UK lenders introduce stricter buy-to-let mortgages

UK lenders are introducing stricter criteria for buy-to-let mortgages, following comments from the Bank of England that the sector could overheat.

Buy-to-let lending reached an eight-year high in 2015, according to the Council of Mortgage Lenders, as investors increasingly turned to the private rented sector for steady, reliable returns. Since then, the government has increasingly begun to target the sector, suggesting that it might overheat, or amplify wider housing market cycles and cause instability. A stamp duty hike for second home purchases came into force on 1st April 2016, prompting a surge in mortgage lending in March, as investors raced to beat the deadline.

The Bank’s Financial Policy Committee notes that growth of buy-to-let mortgage lending is “likely to slow” in Q2 2016, following the stamp duty change, with the proposed change to mortgage interest tax relief in April 2017 – currently being challenged in court by landlords seeking a judicial review – also weighing on investor sentiment, due to its significant impact upon a buy-to-let property’s profitability.

The Prudential Regulation Authority conducted a review of lending for buy-to-let mortgages in April 2016 to determine whether a tightening of standards was required. It concluded that there was “indeed some evidence of loosening underwriting standards” among lenders and a possibility that this might increase. As a result, the PRA Board issued a Supervisory Statement to clarify expectations for underwriting standards in the market, including guidelines for testing the affordability of interest payments and a minimum stressed interest rate for use in lenders’ affordability tests.

“Market dynamics are difficult to predict and given the uncertainty around the impact of the tax and supervisory changes, the FPC decided to wait and see how the market reacted before considering whether to take action on buy-to-let,” added the FPC.

Lenders, however, have already gotten a head-start, with Nationwide (the UK’s second biggest buy-to-let lender) introducing new requirements last week for landlords to receive higher rental income in relation to the costs of their mortgage. From 11th May, Nationwide’s The Mortgage Works will require that ratio to increase from 125pc to 145pc. Loans for landlords with a 20 per cent deposit will also be scrapped, replaced by a minimum deposit of 25 per cent.

Now, Barclays and Lloyds Banking Group have followed suit, similarly limiting lending to landlords who can afford a higher percentage of their loan’s interest payments.

“Currently, investors have to prove they would earn enough from the rent to cover their repayments, but the new plan demands proof they would still be covered if rates soared by at least 2 per cent,” reports This Is Money.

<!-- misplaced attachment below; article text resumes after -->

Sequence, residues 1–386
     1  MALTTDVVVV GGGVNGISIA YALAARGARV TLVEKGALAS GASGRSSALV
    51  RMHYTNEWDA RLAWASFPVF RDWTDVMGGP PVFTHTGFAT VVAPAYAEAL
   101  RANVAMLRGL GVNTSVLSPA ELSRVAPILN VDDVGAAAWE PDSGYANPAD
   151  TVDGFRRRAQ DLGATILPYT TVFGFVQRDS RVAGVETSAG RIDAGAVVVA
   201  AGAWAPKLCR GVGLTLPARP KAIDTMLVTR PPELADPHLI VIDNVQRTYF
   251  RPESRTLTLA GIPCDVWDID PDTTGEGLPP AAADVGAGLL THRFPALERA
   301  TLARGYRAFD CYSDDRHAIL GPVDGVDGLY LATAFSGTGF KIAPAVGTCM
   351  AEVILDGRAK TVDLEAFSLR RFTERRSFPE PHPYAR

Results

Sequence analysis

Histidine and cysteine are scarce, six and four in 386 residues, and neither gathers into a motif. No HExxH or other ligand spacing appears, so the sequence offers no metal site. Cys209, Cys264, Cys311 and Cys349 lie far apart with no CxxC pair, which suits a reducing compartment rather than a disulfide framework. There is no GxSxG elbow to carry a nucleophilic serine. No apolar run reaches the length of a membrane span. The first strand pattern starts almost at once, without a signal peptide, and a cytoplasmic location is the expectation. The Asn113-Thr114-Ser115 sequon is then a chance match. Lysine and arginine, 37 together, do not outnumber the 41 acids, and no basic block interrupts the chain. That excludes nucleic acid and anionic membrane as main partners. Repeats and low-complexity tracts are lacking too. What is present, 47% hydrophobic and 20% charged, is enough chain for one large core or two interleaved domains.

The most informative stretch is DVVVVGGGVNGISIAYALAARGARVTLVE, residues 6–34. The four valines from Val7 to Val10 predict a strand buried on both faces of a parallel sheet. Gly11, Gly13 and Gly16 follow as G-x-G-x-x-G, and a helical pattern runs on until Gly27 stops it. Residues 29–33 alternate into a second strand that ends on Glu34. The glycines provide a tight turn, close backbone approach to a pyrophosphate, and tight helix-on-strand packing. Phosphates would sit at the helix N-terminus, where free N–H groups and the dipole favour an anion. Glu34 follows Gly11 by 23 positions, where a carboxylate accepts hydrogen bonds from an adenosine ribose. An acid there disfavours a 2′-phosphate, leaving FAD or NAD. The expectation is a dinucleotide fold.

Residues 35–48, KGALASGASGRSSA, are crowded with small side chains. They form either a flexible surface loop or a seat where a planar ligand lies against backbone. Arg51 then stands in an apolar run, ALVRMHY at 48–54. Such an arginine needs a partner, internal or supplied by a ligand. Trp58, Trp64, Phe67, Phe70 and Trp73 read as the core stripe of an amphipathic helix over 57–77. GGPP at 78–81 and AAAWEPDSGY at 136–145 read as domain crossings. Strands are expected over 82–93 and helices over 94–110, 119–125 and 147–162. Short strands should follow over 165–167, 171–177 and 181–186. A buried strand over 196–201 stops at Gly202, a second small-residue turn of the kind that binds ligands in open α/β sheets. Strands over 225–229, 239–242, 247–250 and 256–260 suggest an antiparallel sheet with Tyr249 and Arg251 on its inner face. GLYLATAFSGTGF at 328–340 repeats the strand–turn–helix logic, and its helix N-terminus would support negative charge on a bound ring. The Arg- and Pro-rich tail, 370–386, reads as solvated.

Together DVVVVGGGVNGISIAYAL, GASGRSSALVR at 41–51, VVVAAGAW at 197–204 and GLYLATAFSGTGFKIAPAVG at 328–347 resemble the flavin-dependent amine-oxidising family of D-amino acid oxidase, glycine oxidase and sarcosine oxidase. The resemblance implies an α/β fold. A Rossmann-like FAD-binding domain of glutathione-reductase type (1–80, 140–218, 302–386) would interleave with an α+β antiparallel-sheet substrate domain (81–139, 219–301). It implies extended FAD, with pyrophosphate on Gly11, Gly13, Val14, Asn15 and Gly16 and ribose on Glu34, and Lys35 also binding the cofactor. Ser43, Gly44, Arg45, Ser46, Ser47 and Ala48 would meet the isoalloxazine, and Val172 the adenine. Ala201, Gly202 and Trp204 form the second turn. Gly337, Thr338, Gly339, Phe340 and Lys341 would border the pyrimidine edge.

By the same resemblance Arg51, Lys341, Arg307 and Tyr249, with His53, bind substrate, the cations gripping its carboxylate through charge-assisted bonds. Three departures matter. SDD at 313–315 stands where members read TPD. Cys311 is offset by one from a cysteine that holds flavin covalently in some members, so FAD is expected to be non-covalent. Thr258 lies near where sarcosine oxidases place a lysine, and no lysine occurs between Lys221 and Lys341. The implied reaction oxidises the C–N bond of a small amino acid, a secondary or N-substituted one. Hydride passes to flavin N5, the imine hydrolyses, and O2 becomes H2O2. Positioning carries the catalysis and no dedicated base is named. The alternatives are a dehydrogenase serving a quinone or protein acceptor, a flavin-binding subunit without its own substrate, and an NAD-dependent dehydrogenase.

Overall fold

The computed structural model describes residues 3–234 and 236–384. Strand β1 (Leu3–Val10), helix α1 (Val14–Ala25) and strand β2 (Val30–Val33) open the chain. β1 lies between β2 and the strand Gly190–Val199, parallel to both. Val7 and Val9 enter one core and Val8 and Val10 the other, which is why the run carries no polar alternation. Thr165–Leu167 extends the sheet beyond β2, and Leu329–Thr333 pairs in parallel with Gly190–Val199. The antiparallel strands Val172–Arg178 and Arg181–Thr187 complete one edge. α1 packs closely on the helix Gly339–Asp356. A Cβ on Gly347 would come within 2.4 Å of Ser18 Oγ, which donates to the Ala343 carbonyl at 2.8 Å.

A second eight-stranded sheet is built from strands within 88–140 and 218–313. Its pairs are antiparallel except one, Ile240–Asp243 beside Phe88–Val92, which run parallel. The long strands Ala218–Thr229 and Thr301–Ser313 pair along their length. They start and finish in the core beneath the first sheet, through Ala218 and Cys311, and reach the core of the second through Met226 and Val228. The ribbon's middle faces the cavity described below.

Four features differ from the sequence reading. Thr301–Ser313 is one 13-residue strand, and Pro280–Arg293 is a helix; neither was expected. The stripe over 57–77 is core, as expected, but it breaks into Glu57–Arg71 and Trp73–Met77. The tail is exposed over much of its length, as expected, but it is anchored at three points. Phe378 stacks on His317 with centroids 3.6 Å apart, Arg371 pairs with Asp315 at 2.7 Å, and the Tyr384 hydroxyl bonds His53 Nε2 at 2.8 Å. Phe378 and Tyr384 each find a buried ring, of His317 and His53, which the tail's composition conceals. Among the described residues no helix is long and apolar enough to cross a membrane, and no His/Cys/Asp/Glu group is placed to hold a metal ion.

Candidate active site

“Experts say this would mean thousands of ordinary borrowers failing the new tests. Many of those who will struggle to qualify for a loan will be savers who have cashed in their pensions to invest in property. To pass the tests, they will have to either raise rents so much that they would be covered if interest rates soared, or borrow less.”

Steve Bolton, Founder of Platinum Property Partners, comments: “If the Government is concerned about buy-to-let investment overheating the housing market, then enforcing stricter lending criteria is a sensible measure. Taken in isolation, the pre-emptive move is responsible, as increasing the rental income to mortgage payment ratio will ensure investors don’t overstretch themselves.

“But with a Stamp Duty surcharge already in place and additional tax changes on the horizon for 2017, making BTL mortgages more difficult to qualify for will have the unintended consequence of reducing the number of BTL properties and increasing costs for tenants. Many landlords’ profits will take a tumble once tax relief is phased out, yet they will now need more rental income to qualify for an affordable mortgage deal. This is bad news for landlords looking to remortgage or expand their property portfolio, and incredibly off-putting for those entering the market for the first time.

“With mounting cost pressures, some landlords will either have to sell-up (further reducing rental property supply) or put up rents to stay afloat. Given the amount people pay in rent directly impacts what they can save towards a deposit, it is ridiculous the Government has completely disregarded renters in their quest to get people on the property ladder. This time last year, tightening lending criteria would have been a good way of preventing the market from overheating. But after several blows for landlords, it will now be one more nail in the coffin for some. Reversing next April’s tax changes is the only way of ensuring the BTL sector remains functional and affordable for both tenants and landlords.”